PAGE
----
New on my other blogs

KERALA LETTER
A Dalit poet writing in English, based in Kerala
Foreword to Media Tides on Kerala Coast
Teacher seeks V.S. Achuthanandan's intervention to end harassment by partymen
Change of heart? Or stooping to conquer?
Some thoughts on the historic Battle of Colachel

വായന

03 February, 2008

On violence—actual and potential, visible and invisible

Once again I am taking the liberty of placing here views I expressed in the course of an Internet group discussion

I fully share the strong abhorrence of violence which has found expression in this group. At the same time I feel we must realistically acknowledge the role of violence, actual and potential, visible and invisible, in social and political life.

Violence has attended most social and political changes. I don’t want to drag in the French, American, Russian and Chinese and other revolutions, but let us ask ourselves how correct we are in claiming that under Gandhiji’s leadership we defeated the biggest empire in a non-violent struggle. The last and biggest of Gandhiji’s campaigns was the 1942 movement. It was not quite non-violent. Acts of sabotage were resorted to widely. Unlike during the early phase of his leadership of the Congress, Gandhi did not denounce these violent acts. (One possible explanation is that he was in prison.) It is another matter that the 1942 movement did not gather sufficient strength at any stage to pose a serious threat to Britain’s war effort. In fact, the number of people who volunteered for military service during the period exceeded the number of people who courted arrest by participating in the Quit India movement.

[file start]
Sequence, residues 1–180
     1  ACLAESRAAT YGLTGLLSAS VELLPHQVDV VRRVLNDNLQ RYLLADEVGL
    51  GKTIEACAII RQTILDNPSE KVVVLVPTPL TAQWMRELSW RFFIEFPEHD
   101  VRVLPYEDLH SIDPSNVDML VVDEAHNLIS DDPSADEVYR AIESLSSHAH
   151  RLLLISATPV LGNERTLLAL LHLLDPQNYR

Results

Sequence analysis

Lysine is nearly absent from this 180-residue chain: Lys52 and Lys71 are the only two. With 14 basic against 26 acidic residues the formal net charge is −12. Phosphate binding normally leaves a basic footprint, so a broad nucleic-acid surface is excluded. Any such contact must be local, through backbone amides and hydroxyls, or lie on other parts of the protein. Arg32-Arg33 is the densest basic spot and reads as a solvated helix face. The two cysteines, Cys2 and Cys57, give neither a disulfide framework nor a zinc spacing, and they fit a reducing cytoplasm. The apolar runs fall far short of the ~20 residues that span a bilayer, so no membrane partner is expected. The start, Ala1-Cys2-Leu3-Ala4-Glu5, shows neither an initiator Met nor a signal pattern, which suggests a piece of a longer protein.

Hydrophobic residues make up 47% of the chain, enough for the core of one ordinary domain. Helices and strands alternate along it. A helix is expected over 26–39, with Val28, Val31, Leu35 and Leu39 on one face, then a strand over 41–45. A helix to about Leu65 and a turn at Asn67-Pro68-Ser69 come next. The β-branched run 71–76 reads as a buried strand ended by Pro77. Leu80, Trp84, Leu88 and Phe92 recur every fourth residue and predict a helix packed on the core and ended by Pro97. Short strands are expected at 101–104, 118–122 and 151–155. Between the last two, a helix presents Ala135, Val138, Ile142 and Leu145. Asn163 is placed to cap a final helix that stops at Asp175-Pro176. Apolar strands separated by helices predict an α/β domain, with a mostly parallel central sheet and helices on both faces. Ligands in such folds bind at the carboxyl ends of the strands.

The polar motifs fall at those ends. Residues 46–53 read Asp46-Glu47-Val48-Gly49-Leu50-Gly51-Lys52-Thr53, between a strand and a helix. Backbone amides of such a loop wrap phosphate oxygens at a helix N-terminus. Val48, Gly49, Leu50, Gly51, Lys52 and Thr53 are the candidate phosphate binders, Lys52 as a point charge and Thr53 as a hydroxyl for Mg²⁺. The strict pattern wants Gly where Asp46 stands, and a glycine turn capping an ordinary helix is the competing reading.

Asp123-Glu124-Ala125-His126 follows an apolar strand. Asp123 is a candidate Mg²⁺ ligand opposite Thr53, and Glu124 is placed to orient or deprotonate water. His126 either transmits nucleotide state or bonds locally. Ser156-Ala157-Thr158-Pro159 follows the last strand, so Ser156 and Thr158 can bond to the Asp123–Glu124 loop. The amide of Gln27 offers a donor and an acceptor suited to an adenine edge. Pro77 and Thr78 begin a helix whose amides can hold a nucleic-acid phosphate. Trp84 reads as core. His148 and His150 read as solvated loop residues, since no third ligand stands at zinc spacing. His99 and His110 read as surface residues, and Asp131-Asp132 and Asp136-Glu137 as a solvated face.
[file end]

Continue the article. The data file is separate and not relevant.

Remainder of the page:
An ex-army general was the Viceroy when World War II ended. His letters to London, which are now public documents, show that he kept pressing the Attlee government to take steps for orderly transfer of power to avoid having to pull out in a hurry. What worried him was not the possibility of another non-violent Congress campaign, but the possibility of about two million soldiers, who had seen active service and were about to be demobilized, joining any new agitation. He also warned his masters that public opinion in war-weary Britain would not support massive use of force against agitators in India.

Partition became inevitable because there was no non-violent answer for Jinnah’s civil war threat. Gandhiji redeemed his personal honour with the bold peace mission in Bengal, but there being no non-violent way to fight a civil war, he abandoned the “over my dead body” position.

Isn’t the social exclusion and deprivation to which millions are subjected not a form of violence? Was not the caste system imposed and maintained through use of brute force? Or must we believe that the vast majority of the people of the land willingly embraced slavery? There were many physical fights in Kerala in the last century as the disadvantaged sections of society asserted the right to use public places. Even today in many parts of the country, caste supremacists resort to violence when the Dalits try to exercise their constitutional right to equality.

Violence has been an important and indispensable element of the “Hindu” tradition. The purpose of every Avatar was to kill. Some ancient passages bear evidence of an attempt to incorporate the Buddha in the Hindu pantheon as an avatar. One scholar has suggested that the reason why that attempt failed was that the Buddha had not killed anyone.

No comments: